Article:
Second, the government is making a significant effort to ensure the integrity of the data available to law enforcement and the public. The experience of other jurisdictions has shown that the value of a registry is directly correlated to the accuracy of the data it contains. If the information is not current or reliable, police, tax authorities and financial intelligence analysts will stop relying on it, which would defeat the purpose.
For that reason, the government is proposing a rigorous system to ensure compliance, and it will include administrative and criminal penalties.
For example, companies that fail to provide information about beneficial ownership to Corporations Canada may be prevented from obtaining a certificate of compliance, which is often required to support a loan application or to enter into a contract with a supplier or even a potential buyer.
Corporations Canada also has the power to carry out the administrative dissolution of a business, which is a powerful deterrent to repeated and extended lack of compliance.
From a criminal law perspective, an administrator or manager of a business who knowingly violates the requirements for beneficial ownership transparency could be fined up to $200,000 or be sentenced to six months in prison. These are among the harshest penalties in the world for this type of offence.
The government is also taking a robust ecosystem approach to data verification and validation. The director of Corporations Canada would, to begin with, be empowered to request proof of the steps taken by a corporation to verify its beneficial ownership information, enabling the creation of a risk-based audit system. Whistle-blowers would be explicitly protected to incentivize the disclosure of corporate wrongdoings, and consequential amendments would ensure that the information can be cross-referenced with relevant data collected by the government pursuant to the Income Tax Act and the Proceeds of Crime (Money Laundering) and Terrorist Financing Act.
Third, I want businesses to know that we have made and will continue to make every effort to limit the administrative burden of the new requirements. The government is well aware that the vast majority of business corporations are small and law-abiding and wants to ensure Canada remains a place of choice to invest and grow.
The bill would minimize the administrative burden by leveraging existing intake and reporting mechanisms that businesses incorporated federally are already familiar with. Corporations would, for example, have to report their beneficial owners on an annual basis, which aligns with the annual updates they are already required to file on other corporate matters. The requirement for corporations to report information within 15 days of a change also aligns well with the requirement already in place for directors.
The government would also assist corporations by publishing guidance documents and engaging in education efforts to ensure corporations are not unwittingly failing to comply with their new obligations.
Now let us talk a little about collaboration with the provinces and territories.
We started working on beneficial ownership transparency with the provinces and territories just over five years ago, and that successful collaboration continues to this day.
We recognize that corporate law is an area of shared jurisdiction and that any legislative amendment to facilitate the collection of information on beneficial ownership under that umbrella would ultimately be up to the discretion of each legislature within the Canadian federation.
That being said, we are very aware of the importance of maximizing coverage to ensure that the pan-Canadian registry reaches its full potential.
That is why we are working hard to ensure that the federal registry is scalable and provides access to the beneficial ownership data held by provinces and territories that agree to participate, as we committed to doing in budget 2022.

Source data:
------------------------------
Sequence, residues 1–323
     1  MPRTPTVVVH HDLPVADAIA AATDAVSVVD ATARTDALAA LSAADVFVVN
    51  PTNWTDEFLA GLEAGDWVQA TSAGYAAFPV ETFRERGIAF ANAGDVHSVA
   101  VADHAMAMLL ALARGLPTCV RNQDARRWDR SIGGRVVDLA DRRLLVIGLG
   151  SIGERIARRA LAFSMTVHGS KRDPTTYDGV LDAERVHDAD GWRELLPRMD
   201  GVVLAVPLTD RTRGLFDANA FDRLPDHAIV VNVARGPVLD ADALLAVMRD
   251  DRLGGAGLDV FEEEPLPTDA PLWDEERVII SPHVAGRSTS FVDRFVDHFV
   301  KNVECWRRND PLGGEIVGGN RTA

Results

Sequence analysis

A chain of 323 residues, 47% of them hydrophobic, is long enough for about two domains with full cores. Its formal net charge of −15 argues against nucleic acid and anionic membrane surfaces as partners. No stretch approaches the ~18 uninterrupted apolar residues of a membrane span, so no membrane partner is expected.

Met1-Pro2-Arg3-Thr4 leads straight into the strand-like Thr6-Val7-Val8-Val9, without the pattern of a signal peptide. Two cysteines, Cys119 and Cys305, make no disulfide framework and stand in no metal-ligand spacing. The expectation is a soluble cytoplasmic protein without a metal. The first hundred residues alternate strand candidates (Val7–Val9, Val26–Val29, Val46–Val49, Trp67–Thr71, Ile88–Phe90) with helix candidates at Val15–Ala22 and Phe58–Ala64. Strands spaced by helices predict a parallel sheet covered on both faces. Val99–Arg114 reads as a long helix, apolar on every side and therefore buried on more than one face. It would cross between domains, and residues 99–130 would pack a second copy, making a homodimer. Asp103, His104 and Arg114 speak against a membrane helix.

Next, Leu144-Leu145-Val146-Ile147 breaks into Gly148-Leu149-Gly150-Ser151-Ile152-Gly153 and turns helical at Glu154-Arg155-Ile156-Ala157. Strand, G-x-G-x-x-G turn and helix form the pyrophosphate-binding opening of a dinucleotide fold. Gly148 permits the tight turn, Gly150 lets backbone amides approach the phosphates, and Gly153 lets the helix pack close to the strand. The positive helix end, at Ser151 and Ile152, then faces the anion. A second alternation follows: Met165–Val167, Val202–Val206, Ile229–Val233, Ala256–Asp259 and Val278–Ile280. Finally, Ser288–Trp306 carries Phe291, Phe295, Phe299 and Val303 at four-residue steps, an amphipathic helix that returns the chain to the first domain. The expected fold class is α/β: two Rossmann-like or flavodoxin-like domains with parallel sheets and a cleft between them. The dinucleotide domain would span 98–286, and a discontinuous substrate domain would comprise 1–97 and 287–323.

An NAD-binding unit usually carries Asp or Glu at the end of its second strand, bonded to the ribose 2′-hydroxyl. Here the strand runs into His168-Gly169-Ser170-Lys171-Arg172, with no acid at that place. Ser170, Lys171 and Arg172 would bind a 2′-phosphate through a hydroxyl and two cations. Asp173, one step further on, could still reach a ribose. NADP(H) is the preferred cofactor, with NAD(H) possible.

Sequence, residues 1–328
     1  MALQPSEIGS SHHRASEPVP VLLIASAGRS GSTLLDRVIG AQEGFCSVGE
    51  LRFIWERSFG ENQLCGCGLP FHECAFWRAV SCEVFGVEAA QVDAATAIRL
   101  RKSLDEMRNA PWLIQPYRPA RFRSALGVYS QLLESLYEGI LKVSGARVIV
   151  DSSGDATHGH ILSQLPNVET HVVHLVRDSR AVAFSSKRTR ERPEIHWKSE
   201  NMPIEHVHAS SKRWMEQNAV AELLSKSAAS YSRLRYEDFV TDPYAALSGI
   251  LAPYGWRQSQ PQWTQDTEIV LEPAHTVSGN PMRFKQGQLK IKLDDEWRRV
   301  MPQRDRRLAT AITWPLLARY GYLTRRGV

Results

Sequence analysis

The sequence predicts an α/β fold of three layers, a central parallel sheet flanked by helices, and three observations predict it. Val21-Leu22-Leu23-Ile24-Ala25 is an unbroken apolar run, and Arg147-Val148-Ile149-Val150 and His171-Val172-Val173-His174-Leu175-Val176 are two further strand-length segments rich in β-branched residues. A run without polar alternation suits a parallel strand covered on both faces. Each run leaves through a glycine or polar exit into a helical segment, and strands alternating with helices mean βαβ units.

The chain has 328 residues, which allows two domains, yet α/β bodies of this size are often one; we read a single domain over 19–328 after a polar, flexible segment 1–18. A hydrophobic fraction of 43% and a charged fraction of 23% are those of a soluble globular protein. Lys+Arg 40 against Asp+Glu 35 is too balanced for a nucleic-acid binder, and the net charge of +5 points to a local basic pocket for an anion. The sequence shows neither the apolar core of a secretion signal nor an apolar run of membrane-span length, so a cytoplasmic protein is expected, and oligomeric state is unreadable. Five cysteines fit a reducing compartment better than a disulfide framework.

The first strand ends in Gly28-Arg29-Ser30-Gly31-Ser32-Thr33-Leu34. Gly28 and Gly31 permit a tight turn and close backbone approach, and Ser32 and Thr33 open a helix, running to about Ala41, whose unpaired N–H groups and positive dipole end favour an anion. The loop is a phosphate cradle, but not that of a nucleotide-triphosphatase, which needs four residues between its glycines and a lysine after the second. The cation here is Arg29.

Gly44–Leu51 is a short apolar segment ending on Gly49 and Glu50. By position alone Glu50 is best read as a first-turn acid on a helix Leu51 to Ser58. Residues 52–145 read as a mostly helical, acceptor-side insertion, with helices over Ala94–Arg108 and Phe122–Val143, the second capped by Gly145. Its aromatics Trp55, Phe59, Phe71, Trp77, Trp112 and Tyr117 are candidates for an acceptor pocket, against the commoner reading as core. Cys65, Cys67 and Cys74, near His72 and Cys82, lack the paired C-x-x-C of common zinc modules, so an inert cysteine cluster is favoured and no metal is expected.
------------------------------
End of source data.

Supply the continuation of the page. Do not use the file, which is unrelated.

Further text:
I am pleased to see that the Government of Quebec will soon launch its own beneficial ownership registry, and my department is in regular contact with the Quebec teams to ensure the interoperability of our registries.
One of my colleagues in the House even told me that the registry was online as of today. We will do the same with all of the provinces and territories that have this same objective of enhancing corporate transparency.
Let me say a word about international best practices. Canada is working closely with many of its international counterparts that have introduced or are about to introduce a beneficial ownership registry. The majority of the G7 and Five Eyes countries, as well as 112 other countries, have promised to put this in place, but few have finalized the implementation. With financial crimes being increasingly cross-border, which I think all colleagues can agree on, we need to contribute to the global fight against these crimes.
Indeed, as a founding member of the Financial Action Task Force, which is the intergovernmental standards-setting body for financial transparency led by the G20, it is incumbent upon Canada to act in tandem with other countries and international partners to stem further proliferation of illicit corporate activity. Strengthening beneficial ownership transparency, as we are doing through this bill, would allow Canada to do its part in the global fight against financial crimes and align with international best practices.
Let me conclude with a few remarks.
The government has committed to protecting Canadians from money laundering, terrorist financing and tax evasion and avoidance, while ensuring that Canada remains an attractive place to do business.
Making beneficial ownership information publicly available supports broader corporate transparency, good governance and trust. Police and tax authorities will have ready access to the data they need to enforce the law; regulated entities such as banks and realtors will have a new tool to support their due diligence obligations; investigative journalists and NGOs will be better equipped to trace ownership across entities and jurisdictions; and entrepreneurs and consumers will know whom they are doing business with, injecting more trust in the marketplace.
We are already hearing from transparency organizations that this bill would be a massive blow to money launderers. I call on my colleagues in the House from all sides to join forces and support it. I think Canadians expect that from all of us.
I encourage all parties to support Bill C-42 and work with the government to ensure that it is passed quickly. I think that is necessary and it is exactly what Canadians want. The sooner the legal framework is in place, the sooner we can launch the registry and reap the benefits of enhanced transparency.